10 Book Tracking Spread Ideas For Your Reading Journal
Hi there! It’s Emily from Planned and Planted here from the Ambassador Team with some ideas for tracking reading in your book journal or bullet journal. My love for reading was re-ignited a few years ago, and I love making spreads in my book journal to track some of my reading goals and statistics. Today I’ve rounded up 10 book and reading tracking spread ideas from my own journal and some of my other favorite content creators to share with you all.
Here's some of the basic supplies I used for most of these spreads:
- Archer & Olive Journal - I'm using an A5 dot grid notebook
- Sketching pencil & eraser
- Archer & Olive Calliograph or Acrylograph pens
- Black Ink Pen
- OPTIONAL - decorative elements like stickers, washi tapes, photos, etc.
Why You Should Track Reading in Your Bullet Journal
Reading trackers can be a great way to motivate yourself to read more. It can also be a great way to stay on top of reading goals such as number of books to read, reading more diversely, etc. The possibilities are literally endless on what you can track!
I find that tracking these things helps me better remember what books I read, and it's also just a cool way to visually see your reading habits.
10 Reading Tracker Spread Ideas
1. New Book Releases Spread
This spread has a section for each month of the year where I can jot down any upcoming new book releases for 2023 that I’m excited for. That way I can requested Advanced Readers Copies of the books in advance or pre-order them to support the author. I couldn’t quite fit all 12 months on the pages the way I wanted to, so I added a little dutch door (link to other blog post) in the middle for some extra space.
You could also use this layout and spread to track other new media releases, like upcoming TV shows, movies, albums, etc.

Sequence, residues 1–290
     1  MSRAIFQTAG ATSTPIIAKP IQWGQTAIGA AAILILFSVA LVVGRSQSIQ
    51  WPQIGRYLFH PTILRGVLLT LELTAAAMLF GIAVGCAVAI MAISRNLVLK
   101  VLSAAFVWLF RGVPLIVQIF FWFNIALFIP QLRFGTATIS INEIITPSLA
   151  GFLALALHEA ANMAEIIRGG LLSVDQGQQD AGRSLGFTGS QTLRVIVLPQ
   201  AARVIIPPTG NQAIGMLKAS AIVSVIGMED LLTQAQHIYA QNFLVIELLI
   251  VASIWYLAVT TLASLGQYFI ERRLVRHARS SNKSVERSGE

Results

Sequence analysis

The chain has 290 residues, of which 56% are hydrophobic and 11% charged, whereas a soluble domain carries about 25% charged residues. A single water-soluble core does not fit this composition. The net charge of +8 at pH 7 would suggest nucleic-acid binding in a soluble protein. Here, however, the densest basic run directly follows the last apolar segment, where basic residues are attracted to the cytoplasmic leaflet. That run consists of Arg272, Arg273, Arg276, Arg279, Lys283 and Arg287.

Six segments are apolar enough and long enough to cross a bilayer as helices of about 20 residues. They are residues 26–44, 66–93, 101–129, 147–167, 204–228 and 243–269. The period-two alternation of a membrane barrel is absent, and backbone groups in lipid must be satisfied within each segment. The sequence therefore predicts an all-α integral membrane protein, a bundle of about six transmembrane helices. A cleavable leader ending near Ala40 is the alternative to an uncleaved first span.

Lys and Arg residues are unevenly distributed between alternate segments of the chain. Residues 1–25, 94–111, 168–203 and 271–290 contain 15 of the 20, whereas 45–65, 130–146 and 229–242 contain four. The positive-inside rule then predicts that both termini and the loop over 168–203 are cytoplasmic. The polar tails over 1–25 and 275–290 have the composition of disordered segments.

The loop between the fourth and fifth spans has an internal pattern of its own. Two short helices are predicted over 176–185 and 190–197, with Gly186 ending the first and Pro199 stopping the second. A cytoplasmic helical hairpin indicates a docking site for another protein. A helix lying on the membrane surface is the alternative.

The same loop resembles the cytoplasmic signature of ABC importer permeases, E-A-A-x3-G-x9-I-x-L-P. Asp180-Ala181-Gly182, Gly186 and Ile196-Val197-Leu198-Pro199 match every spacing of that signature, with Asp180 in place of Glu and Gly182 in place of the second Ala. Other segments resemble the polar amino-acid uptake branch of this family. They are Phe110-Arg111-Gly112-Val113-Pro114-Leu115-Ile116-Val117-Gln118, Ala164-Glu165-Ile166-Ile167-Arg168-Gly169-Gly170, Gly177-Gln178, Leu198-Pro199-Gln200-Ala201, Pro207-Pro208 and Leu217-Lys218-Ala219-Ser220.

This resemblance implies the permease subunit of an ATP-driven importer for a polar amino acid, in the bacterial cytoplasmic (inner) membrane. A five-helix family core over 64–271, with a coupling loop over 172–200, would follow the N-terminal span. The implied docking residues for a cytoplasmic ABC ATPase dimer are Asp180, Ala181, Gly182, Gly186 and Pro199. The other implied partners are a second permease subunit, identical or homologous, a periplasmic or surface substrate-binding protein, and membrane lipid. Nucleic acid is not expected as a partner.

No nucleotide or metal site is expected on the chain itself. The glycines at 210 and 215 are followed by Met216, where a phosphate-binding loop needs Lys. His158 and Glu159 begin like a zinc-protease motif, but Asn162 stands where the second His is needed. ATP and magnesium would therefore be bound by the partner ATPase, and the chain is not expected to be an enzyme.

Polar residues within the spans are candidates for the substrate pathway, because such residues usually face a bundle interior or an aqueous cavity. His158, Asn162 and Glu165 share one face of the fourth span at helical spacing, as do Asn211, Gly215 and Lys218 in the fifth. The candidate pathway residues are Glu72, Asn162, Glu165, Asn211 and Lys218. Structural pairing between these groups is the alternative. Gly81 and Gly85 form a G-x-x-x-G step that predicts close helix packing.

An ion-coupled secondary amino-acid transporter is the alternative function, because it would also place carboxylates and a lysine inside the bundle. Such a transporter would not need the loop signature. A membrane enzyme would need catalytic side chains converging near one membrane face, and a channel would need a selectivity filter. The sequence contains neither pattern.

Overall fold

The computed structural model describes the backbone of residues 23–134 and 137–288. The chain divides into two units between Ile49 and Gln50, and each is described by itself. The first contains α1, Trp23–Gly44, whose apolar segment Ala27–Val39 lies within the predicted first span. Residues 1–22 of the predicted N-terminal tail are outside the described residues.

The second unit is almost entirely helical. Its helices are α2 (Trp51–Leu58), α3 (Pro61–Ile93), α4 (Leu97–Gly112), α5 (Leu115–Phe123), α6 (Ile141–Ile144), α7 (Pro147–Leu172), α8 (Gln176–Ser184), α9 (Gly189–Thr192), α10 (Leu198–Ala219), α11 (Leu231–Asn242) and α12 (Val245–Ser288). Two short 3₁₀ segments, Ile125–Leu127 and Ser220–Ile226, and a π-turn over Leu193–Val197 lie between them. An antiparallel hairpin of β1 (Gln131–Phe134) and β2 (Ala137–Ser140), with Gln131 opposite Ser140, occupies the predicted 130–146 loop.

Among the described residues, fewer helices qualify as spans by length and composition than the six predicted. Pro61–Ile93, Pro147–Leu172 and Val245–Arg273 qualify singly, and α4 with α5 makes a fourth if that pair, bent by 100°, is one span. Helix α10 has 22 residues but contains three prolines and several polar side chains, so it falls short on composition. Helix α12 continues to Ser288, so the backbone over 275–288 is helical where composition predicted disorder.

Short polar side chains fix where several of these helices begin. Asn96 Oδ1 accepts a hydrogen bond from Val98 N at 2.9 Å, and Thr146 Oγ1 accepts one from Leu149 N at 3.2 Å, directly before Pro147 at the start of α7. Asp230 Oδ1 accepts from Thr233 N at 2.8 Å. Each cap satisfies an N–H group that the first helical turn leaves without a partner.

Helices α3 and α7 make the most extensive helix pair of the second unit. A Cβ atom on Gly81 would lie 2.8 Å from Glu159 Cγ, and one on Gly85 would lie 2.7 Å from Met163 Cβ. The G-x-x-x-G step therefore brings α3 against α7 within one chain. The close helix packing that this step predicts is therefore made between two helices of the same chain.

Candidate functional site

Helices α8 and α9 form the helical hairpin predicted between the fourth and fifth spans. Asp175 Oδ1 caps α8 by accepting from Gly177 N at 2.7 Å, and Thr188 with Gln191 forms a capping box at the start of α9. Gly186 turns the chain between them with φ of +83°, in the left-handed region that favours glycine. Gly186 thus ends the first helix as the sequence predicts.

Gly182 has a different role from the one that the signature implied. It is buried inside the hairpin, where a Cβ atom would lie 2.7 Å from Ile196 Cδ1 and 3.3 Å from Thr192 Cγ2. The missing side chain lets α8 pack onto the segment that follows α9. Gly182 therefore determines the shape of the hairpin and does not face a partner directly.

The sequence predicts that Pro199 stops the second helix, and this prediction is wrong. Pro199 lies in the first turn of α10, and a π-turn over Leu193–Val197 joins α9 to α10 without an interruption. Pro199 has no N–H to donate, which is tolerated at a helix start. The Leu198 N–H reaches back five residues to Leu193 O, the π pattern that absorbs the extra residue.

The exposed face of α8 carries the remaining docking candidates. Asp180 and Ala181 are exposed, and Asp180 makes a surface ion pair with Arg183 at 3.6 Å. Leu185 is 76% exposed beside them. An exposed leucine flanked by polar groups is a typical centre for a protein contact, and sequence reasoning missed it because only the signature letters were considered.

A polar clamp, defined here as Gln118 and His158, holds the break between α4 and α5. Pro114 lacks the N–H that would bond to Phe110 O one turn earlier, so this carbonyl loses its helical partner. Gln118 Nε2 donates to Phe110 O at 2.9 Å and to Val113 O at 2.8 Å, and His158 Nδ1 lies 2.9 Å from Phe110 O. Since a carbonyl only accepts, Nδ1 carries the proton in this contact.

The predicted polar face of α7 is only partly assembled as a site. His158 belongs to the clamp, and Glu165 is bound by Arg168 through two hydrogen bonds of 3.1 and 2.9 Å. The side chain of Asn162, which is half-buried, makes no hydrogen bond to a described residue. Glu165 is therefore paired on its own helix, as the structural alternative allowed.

2. Books Read in 2023
For this tracking spread I print off tiny book covers of books I’ve finished onto some sticker paper, then I cut them out and paste them into the squares. I have these star-rating stickers from Alicia Marks It that I then color in with the appropriate rating.
It’s a really cool way to see at a glance everything I’ve read so far from the year and which book number I am on for any reading goal I might have. This one also utilizes a dutch door method!
Here’s another version of this spread from @papayareads , who originally inspired me to do this book tracking spread.
3. Reading Challenge Tracker
One of my reading goals the last few years has been to diversify my reading - to read a wider variety of genres, more queer and/or BIPOC authors, authors from different countries or translated works. This challenge tracker, which you can fill in with whatever prompts you want, is a great way to keep track of your goals for reading diversely throughout the year.
I really love @johsjournal spread for something like this, and that she called it reading bingo! She also has brilliantly added a month color key to the side so she knows which month she fulfilled which prompts. Brilliant!
4. Reading Goal Tracker
This is also commonly called a Goodreads goal tracker, although you don’t have to have a Goodreads account to set a numerical reading goal for yourself! There’s something so satisfying about getting to color in a square once you’ve finished a book. It’s a great way of keeping track of your progress throughout the year.
I especially like color-coding this one by month so I can see at a glance how many books I read throughout each of the months. I created it with a little tip in for it since there wasn't a ton of space left on the page!
@danicainpages inspired me to do this spread with the months coordinating with the colors. Just look at that gorgeous palette!
5. Bookshelf Tracking Spread